How to Compare Internet Connection Speeds

by James Wright

As the Internet grows, so does the amount of options available for those seeking to experience a better Internet connection. There are all types of connections, such as dial-up, cable, DSL, wireless and satellite, but within each category there are also variations in the connection speeds you may experience. Internet connection speeds depend on many factors, including price, location, plan, connection quality and more. Comparing the speeds is relatively simple, and there are many tools available to help you do so.

Compare connection speeds of similar types. Comparing a dial-up to a DSL connection won't yield many useful results, so choose two types of the same connection to compare. Visit an ISP's (Internet Service Provider) website to look for plans if you need help. For example, different plans will offer speeds within certain ranges, so you can look to see what speeds are available for what prices. They will usually be displayed in terms of download and upload speeds of KB/MB per second (kilobytes and megabytes respectively).

Compare based on the type of connection for reliability purposes. For example, satellite internet connections are capable of high speeds, but may be unreliable or even unusable in certain areas due to clouds and other weather obstructions, whereas a cable connection that uses underground wires will offer a more stable connection. Look up pros and cons of each connection type to evaluate what you may require in a connection.

Compare what speeds are available for what price. This will vary depending on the ISP, but if multiple ISPs are available in your area, it would be beneficial to research multiple plans from each ISP to see what speeds you can get for your budget.

Research the location of your home compared to the closest data center for your ISP's internet service. The data center is the building that processes all the signals for data in your area, like Internet and phone service, so you may experience slower speeds the farther away you are. The best way to find out this information is by calling your ISP.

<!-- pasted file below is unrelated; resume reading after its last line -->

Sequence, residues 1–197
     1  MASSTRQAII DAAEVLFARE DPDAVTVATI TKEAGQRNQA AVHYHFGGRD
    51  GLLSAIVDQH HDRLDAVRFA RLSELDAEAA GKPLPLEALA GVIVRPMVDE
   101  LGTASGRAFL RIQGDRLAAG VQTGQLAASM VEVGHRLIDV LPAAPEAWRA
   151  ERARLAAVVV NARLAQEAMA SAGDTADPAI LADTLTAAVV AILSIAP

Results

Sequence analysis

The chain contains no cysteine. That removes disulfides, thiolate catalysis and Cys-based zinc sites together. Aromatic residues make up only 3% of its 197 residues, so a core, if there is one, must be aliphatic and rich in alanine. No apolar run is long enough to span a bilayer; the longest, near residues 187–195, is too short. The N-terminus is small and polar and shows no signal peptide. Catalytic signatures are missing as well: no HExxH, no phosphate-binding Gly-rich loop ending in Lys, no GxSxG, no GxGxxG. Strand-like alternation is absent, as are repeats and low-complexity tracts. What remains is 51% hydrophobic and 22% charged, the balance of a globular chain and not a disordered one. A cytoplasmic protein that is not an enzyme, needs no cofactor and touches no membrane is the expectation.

• check Use a tool such as to accurately measure your specific speed. This website will show you your current upload and download speed, and the results will be affected by Internet use, congestion and distance, so it will be an accurate measure of your current speed. Use this tool to compare your speed with what is advertised, other ISP's plans, and even to check how your connection rates against other users of the same ISP.


  • close If you're looking for Internet service, be careful of more than just the speed. Some ISPs may limit your bandwidth per month and charge extra if you go over it, or give you hidden charges along with your plan.

About the Author

Based in California, James Wright has been writing since 1998. Wright's articles have been published on various websites with a focus on technical fields such as computers and the Internet, and were also featured in a now-retired publication for an online artistic community. Wright studied English, journalism, politics and psychology at Riverside Community College.

Photo Credits

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